Welcome back, historic house lovers! If you missed Part 1 (city directories) and Part 2 (maps), you can check them out at those links. Part 1 describes how to get a temporary online library card if you don’t already have one, which will be necessary for today’s topic: Courier-Journal newspaper archives!
If you have a subscription to newspapers.com, you can certainly access other newspapers in other areas. Here in Louisville, however, with a library card, you can access the Courier-Journal archives back to 1830! Under Research Tools, select Newspapers. Then scroll down to Courier-Journal Historical. You will be prompted to log in with your online credentials at that point.
After that, the limit is your patience and creativity with searching! A good place to start is with your house address in quotation marks, remembering as we learned in Part 1 that the current address may not have been the original address due to city-wide re-numbering.
Using the Brennan House as our example again, when “631 S 5th” is entered, 56 results are returned. By default, the results are sorted by relevance, which may be a good place to start. You can change this in the drop down box on the left hand side to sort by date, either oldest first or most recent first, depending on what you’re most interested to discover. See the screenshot below.
For our example, we can also search with “Brennan House” in quotations, or we could search for individual people we know to have lived there, like “Thomas Brennan”. The city directories and/or Sanborn maps or atlases we previously discussed may have provided additional clues to previous homeowners’ names. Try those too!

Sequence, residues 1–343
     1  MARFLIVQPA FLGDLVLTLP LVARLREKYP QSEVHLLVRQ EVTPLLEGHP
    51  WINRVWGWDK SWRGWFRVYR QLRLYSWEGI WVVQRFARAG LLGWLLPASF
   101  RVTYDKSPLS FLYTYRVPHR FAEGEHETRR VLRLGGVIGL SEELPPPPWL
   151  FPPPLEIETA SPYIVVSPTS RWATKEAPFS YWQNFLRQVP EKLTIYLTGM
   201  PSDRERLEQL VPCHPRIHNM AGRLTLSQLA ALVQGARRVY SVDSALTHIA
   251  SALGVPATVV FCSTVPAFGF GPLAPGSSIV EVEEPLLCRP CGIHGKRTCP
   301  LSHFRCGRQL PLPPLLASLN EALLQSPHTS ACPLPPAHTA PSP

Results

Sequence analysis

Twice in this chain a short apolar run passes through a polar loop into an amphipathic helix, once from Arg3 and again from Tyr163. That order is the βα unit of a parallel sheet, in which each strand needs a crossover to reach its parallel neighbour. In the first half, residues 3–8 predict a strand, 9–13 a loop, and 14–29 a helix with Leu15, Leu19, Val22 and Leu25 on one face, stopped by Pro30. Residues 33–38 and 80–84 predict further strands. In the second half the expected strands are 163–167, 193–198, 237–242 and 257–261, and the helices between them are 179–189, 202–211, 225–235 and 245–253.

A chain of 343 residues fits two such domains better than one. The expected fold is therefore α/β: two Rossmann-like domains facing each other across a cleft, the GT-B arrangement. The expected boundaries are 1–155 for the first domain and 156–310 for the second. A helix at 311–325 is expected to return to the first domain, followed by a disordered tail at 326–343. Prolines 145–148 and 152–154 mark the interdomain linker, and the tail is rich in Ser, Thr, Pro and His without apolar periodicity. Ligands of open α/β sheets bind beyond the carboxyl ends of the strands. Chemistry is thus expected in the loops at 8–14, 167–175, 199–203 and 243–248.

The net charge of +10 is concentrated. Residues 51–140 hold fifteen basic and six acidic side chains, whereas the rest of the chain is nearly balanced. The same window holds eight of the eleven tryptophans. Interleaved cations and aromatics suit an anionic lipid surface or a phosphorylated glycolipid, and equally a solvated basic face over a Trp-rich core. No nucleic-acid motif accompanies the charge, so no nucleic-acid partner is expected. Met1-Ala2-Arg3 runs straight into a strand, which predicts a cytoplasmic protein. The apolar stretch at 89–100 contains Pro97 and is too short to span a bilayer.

Obituaries can provide interesting information, such as names and dates, other relatives, cemetery and/or church information. Here’s an example – the November 1939 obituary for son Thomas Brennan, the 2nd (the original page scan was a bit blurry):
We can see his siblings’ names and that several of them live in New York City, and that he was buried in Cave Hill Cemetery. Several other city papers are listed at the end to “please copy,” which gives clues as to other cities Mr. Brennan may have lived previously. It’s important to realize that anything found in the newspaper may still contain errors!
If you’re searching for your personal residence, you may discover classified ads for yard sales or cars for sale. You might find real estate advertisements or other articles concerning people who lived in the house, maybe even information about when/how or who built/designed the house. These are more clues that let you connect the historical dots. Try searching for just the street name, or some combination with the street and resident’s name. If your house is in a specific neighborhood, try that name as well.